Art Papier MD is CEO of Logical Images the developer of www.visualdx.com a clinical decision support system, Associate Professor of Dermatology and Medical Informatics at the University of Rochester College of Medicine, and a Director of the Society To Improve Diagnosis In Medicine (SIDM) http://www.improvediagnosis.org/
That old Tom Petty song, “The Waiting is the Hardest Part,” keeps running through my mind. Four of my friends are waiting to hear the results of medical tests taken last week.
- Lucas has exhausted all of the standard cancer therapies for rectal cancer and is waiting to hear if he is a candidate for any experimental treatments.
- Sam, who has lived through aggressive treatment for multiple cancers, is waiting to hear results from a test that will tell him if the fact that he is so very, very sick is due to one of them recurring.
- Lucy just had major abdominal surgery and is waiting to hear the results of the pathology report that will determine whether or not her cancer can be treated at all.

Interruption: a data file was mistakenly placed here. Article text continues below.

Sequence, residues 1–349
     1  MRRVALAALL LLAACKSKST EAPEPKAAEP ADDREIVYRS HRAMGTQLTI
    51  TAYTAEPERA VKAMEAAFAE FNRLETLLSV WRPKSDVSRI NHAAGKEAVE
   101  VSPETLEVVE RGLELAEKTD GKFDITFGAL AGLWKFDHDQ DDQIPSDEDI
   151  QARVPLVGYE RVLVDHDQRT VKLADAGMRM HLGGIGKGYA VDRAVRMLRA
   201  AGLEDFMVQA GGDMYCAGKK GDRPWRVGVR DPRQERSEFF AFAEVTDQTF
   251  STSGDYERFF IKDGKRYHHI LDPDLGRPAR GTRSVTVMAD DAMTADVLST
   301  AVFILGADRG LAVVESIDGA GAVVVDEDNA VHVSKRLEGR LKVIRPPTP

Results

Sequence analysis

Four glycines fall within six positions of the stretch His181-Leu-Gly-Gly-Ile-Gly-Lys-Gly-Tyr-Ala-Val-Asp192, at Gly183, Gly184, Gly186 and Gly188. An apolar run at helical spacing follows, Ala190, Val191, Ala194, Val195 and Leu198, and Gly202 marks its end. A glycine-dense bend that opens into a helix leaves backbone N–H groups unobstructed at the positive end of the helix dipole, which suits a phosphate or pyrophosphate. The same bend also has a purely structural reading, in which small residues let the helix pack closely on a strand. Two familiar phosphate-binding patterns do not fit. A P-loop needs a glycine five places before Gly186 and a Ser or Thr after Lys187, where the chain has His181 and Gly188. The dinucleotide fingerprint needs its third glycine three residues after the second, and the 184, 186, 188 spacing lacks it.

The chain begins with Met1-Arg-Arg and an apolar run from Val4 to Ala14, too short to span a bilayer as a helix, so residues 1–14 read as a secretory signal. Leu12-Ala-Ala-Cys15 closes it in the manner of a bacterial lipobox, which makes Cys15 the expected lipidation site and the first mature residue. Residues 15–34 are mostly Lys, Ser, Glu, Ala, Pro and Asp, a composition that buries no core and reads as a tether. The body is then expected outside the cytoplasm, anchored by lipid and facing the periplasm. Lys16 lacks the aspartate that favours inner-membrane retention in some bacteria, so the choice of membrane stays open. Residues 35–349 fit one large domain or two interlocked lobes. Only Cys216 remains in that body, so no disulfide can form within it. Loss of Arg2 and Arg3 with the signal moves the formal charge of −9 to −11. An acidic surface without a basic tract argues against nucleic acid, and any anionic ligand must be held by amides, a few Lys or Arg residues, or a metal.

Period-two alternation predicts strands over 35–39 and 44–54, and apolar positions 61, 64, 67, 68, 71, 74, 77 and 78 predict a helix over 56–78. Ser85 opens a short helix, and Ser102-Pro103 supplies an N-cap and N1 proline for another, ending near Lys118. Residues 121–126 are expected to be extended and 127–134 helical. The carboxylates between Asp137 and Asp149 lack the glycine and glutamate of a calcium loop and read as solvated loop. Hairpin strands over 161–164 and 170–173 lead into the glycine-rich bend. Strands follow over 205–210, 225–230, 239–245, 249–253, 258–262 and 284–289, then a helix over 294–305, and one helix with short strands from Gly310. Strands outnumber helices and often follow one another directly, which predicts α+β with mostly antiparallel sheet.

- Phil, who has been in remission from two different leukemias, had Read more »
*This blog post was originally published at Prepared Patient Forum: What It Takes Blog*
Monday’s New Yorker has a story, Personal Best, by Atul Gawande. It’s about coaching, and the seemingly novel idea that doctors might engage coaches – individuals with relevant expertise and experience — to help them improve their usual work, i.e. how they practice medicine.
Dr. Gawande is a surgeon, now of eight years according to his article. His specialty is endocrine surgery – when he operates it’s most often on problematic glands like the thyroid, parathyroid or appendix. Results, and complications, are tracked. For a while after he completed his training he got better and better, in comparison to nation stats, by his accounting. And then things leveled off.